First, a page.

Prepared dishes are in high demand in Europe, North America, and Asia due to their convenience. Prepared dishes include industrially produced traditional dishes that belong to the category of finished products and can be eaten either directly or after heating, such as Kung Pao Chicken, Shredded Pork with Fish, Mapo Tofu and Korean Bibimbap.


Source: Alpha from Melbourne

Roast duck and BBQ pork on rice

In particular, China is the largest contributor to the industry, with more than 70,000 prepared dishes companies in the country. With strong support from the government, the scale of China’s prepared dishes market has grown steadily over the past three years, reaching approximately USD58 billion in 2022, representing a year-on-year growth of 21.3 %. It is projected that by 2026, China’s prepared dishes industry will expand into a trillion-dollar market.

Microorganisms have become an important factor in the safety of prepared dishes. The proliferation of spoilage microorganisms has been detrimental to the quality of prepared dishes, leading to wastage of resources and economic losses. Pathogenic microorganisms, including Escherichia coliSalmonellaListeria monocytogenesStaphylococcus aureus, and Bacillus cereus, may induce foodborne diseases causing symptoms such as abdominal pain, diarrhea, nausea, and vomiting. Therefore, microbial control is a critical step in the production of prepared dishes.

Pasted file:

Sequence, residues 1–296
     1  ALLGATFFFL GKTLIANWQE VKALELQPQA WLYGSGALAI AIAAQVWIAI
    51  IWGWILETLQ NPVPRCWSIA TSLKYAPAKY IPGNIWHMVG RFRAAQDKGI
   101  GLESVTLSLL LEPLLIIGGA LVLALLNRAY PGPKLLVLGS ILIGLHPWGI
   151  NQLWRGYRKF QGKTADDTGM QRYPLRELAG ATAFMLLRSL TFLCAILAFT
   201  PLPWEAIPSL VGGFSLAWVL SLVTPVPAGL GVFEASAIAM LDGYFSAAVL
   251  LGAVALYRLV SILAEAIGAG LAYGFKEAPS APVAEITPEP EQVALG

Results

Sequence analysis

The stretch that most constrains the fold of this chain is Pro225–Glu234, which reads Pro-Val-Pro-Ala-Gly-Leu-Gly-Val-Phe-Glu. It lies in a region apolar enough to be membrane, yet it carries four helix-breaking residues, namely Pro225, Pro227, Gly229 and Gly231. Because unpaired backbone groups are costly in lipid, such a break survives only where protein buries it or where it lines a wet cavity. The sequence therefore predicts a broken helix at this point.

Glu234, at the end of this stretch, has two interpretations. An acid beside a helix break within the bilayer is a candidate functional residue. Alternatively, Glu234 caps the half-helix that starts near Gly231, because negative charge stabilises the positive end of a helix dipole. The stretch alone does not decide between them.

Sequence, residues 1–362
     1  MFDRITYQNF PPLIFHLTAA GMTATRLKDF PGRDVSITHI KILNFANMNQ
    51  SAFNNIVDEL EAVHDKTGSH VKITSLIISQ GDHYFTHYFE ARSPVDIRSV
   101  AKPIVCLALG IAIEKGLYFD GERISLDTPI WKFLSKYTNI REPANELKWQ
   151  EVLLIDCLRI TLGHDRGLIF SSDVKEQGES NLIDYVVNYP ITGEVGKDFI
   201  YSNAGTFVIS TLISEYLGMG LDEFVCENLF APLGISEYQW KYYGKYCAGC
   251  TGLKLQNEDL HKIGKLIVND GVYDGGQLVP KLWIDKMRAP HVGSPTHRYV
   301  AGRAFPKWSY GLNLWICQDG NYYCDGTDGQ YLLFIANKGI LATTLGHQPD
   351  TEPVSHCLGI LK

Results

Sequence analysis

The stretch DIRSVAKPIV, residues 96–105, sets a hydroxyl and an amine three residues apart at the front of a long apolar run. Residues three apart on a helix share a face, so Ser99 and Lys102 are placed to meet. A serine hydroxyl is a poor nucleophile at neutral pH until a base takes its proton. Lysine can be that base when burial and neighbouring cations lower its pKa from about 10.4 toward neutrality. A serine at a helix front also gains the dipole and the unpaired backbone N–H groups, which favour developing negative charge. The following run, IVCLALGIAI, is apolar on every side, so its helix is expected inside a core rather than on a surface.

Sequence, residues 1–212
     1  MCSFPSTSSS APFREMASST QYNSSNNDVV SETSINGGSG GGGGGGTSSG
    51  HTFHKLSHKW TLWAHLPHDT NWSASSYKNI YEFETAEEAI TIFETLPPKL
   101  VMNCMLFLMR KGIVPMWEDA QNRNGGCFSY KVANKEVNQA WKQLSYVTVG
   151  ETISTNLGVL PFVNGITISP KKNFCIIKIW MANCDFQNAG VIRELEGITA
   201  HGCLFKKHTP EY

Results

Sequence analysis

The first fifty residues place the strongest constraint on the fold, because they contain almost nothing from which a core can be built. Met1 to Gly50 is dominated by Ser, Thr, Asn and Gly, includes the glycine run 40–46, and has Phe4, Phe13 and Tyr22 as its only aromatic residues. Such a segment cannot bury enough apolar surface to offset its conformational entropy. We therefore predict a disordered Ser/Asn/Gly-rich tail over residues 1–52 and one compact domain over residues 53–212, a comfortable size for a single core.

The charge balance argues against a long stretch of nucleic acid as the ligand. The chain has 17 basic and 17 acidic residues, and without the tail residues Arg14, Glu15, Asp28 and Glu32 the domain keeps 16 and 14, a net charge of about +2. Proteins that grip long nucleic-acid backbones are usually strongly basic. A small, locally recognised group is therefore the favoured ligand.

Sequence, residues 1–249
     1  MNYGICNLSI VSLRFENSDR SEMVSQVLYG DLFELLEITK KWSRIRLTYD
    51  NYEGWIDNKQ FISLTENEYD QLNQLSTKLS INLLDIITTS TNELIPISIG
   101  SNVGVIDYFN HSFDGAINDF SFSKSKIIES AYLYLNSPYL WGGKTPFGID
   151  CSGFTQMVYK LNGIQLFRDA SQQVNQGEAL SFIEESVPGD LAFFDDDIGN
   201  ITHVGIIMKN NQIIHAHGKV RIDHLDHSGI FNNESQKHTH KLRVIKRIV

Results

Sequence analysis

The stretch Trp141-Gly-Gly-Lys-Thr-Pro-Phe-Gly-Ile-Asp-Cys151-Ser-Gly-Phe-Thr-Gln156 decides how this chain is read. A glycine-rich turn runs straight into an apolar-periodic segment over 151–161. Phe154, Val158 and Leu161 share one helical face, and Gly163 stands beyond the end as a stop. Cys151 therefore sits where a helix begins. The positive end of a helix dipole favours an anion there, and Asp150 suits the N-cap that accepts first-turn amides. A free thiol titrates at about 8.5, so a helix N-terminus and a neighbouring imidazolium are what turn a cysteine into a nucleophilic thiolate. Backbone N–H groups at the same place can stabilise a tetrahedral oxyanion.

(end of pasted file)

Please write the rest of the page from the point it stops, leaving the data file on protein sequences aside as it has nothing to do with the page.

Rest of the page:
In a recent review published in the KeAi journal Food Physics, a team of researchers evaluated microbial control techniques commonly used in prepared dishes.

Microbial control

“Commonly used microbial control techniques in industry include conventional thermal technique, microwave (MW), radio frequency (RF), high-pressure processing (HPP) and irradiation,” shares corresponding author Shunshan Jiao. “Conventional thermal techniques can be used for all types of prepared dishes but may cause quality degradation. MW has poor penetration ability and is only suitable for treating dishes with moderate thickness. RF is effective for dishes with substantial thickness and regular shape. HPP is not suitable for dishes containing air bubbles, while irradiation is usually used for dishes with low initial microbial load.”

Furthermore, these technologies have different requirements for packaging; conventional thermal techniques need heat-resistant packaging; dishes packaged in aluminum-based materials shielded against electromagnetic waves cannot undergo MW or RF treatment; HPP requires pressure-resistant packaging with good barrier properties; and irradiation treatment imposes no special packaging requirements.

“We concluded that no one technology is perfect and versatile enough to be used across various prepared food categories,” adds Jiao. “We need to select the most suitable microbial control technique based on the characteristics of different prepared dishes. Moving forward, the trend will be to combine and leverage the complementary advantages of various technologies.”